In summary, we have defined the necessity and the molecular substrates of Slc1a5 in osteoblasts. Our data indicates that SLC1A5 is the primary glutamine transporter in osteoblasts. In addition to glutamine, SLC1A5 acts cell autonomously in osteoblasts to provide asparagine, both of which are essential for osteoblast differentiation. These data highlight an elegant mechanism by which osteoblasts both directly obtain and synthesize the requisite amino acids to support osteoblast differentiation and bone formation.

Materials and methods

Key resources table
Reagent type (species) or resourceDesignationSource or referenceIdentifiersAdditional information
Genetic Reagent (M. musculus)C57Bl/6 JJackson LaboratoryRRID:IMSR_JAX:000664
Genetic Reagent (M. musculus)Rosa26Cas9Jackson LaboratoryRRID:IMSR_JAX:024858
Genetic Reagent (M. musculus)Rosa26FlpeJackson LaboratoryRRID:IMSR_JAX:003946
Genetic Reagent (M. musculus)Sp7tTA;tetOeGFP/CrePMID:16854976RRID:IMSR_JAX:006361
Genetic Reagent (M. musculus)Slc1a5floxThis paperSee Methods – Mouse strains for more information.
Chemical compound, drugAscorbic acidSigmaCat#A4544
Chemical compound, drugβ-glycerophosphateSigmaCat#G9422
Chemical compound, drugone-step NBT/BCIP solutionThermofisherCat#PI34042
Chemical compound, drugL-(2,3,4-3H)GlutaminePerkin ElmerCat#NET551250UC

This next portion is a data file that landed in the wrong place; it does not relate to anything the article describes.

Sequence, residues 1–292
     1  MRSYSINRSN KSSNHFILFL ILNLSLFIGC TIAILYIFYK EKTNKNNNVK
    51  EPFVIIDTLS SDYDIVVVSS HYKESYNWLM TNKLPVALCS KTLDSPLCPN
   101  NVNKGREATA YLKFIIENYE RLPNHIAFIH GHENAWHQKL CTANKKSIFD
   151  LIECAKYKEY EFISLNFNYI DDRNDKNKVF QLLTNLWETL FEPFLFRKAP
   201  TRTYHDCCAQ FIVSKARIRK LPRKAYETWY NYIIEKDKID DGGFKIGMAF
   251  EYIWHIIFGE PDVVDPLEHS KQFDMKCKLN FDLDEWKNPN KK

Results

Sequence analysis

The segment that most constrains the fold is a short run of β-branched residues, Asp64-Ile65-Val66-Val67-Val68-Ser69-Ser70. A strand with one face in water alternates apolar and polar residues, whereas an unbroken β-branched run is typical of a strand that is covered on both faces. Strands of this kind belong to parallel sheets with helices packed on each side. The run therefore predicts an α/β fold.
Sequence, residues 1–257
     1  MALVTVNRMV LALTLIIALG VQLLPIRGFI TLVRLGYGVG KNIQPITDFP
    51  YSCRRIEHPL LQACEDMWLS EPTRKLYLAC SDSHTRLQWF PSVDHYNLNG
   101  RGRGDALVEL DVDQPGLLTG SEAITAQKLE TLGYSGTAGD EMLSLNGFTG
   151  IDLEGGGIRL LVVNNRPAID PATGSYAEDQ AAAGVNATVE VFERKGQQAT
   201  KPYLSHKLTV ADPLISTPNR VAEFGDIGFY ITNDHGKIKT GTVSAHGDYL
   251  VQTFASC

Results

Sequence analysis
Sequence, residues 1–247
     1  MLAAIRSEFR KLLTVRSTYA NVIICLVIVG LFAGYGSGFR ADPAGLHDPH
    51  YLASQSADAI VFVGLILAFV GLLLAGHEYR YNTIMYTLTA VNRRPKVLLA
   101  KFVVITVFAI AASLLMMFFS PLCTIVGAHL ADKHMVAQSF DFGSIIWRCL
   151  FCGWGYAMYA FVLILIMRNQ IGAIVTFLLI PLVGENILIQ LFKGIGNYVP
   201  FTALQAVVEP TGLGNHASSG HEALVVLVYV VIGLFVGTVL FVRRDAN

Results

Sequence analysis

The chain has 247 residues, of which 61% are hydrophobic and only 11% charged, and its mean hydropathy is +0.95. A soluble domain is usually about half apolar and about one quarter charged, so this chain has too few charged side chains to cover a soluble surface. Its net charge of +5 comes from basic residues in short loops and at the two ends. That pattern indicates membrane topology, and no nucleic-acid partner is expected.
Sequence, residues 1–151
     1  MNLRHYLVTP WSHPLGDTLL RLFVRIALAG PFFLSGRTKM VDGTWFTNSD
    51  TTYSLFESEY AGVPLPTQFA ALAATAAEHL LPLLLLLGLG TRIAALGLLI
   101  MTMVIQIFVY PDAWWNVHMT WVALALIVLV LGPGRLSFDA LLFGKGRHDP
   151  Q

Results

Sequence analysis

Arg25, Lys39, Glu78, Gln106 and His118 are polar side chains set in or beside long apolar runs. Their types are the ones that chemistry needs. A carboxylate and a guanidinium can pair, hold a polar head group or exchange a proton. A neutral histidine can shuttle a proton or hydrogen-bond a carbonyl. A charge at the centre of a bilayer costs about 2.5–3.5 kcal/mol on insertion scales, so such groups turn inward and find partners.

Chemical compound, drugL-(14C)AlaninePerkin ElmerCat#EC266E250UC
Chemical compound, drugL-(2,3,-3H)ProlinePerkin ElmerCat#NET483250UC
Chemical compound, drugL-(2,3,-3H)Aspartic acidPerkin ElmerCat#NET390V001MC
Chemical compound, drugL-(4,5-3H(N))LysinePerkin ElmerCat#NEC280E050UC
Chemical compound, drugL-(2,3,3 H)AsparagineAmerican Radiolabeled ChemicalsCat#ART-0500–250
Chemical compound, drug[U-13C]glutamine,SigmaCat#605,166Used at 2 mM final concentration
Chemical compound, drug[α-15 N]glutamineSigmaCat#486,809Used at 2 mM final concentration
Chemical compound, drug[U-13C]AsparagineSigmaCat#579,866Used at 0.33 mM final concentration
Chemical compound, drug[α-15 N] AsparagineSigmaCat#485,896Used at 0.33 mM final concentration
Chemical compound, drugAP substrate BM purpleRocheCat#11442074001
Chemical compound, drugECL substrateBioradCat#1705060
Chemical compound, drugsuper signal West Femto ECL.ThermofisherCat#1705060
AntibodyEif2α (Rabbit monoclonal)Cell SignalingRRID:AB_10692650(1:1000)
AntibodypSer51 Eif2α (Rabbit monoclonal)Cell SignalingRRID:AB_2096481(1:1000)
AntibodypSer240/244 S6rp(rabbit polyclonal)Cell SignalingRRID:AB_331682(1:1000)
AntibodyS6rp (rabbit monoclonal)Cell SignalingRRID:AB_331355(1:1000)
Antibodyα-tubulin (rabbit monoclonal)Cell SignalingRRID:AB_2619646(1:1000)
Antibodyα-actin (rabbit polyclonal)Cell SignalingRRID:AB_330288(1:2000)
AntibodyHRP goat anti-rabbit (goat polyclonal)Cell SignalingRRID:AB_2099233(1:2000)
AntibodyHRP anti-mouse (horse polyclonal)Cell SignalingRRID:AB_330924(1:2000)
AntibodyCOL1A1 (mouse monoclonal)Santa CruzRRID:AB_2797597(1:2000) WB (1:1000) IF
AntibodyOSX (rabbit polyclonal)AbcamRRID:AB_2194492(1:1000)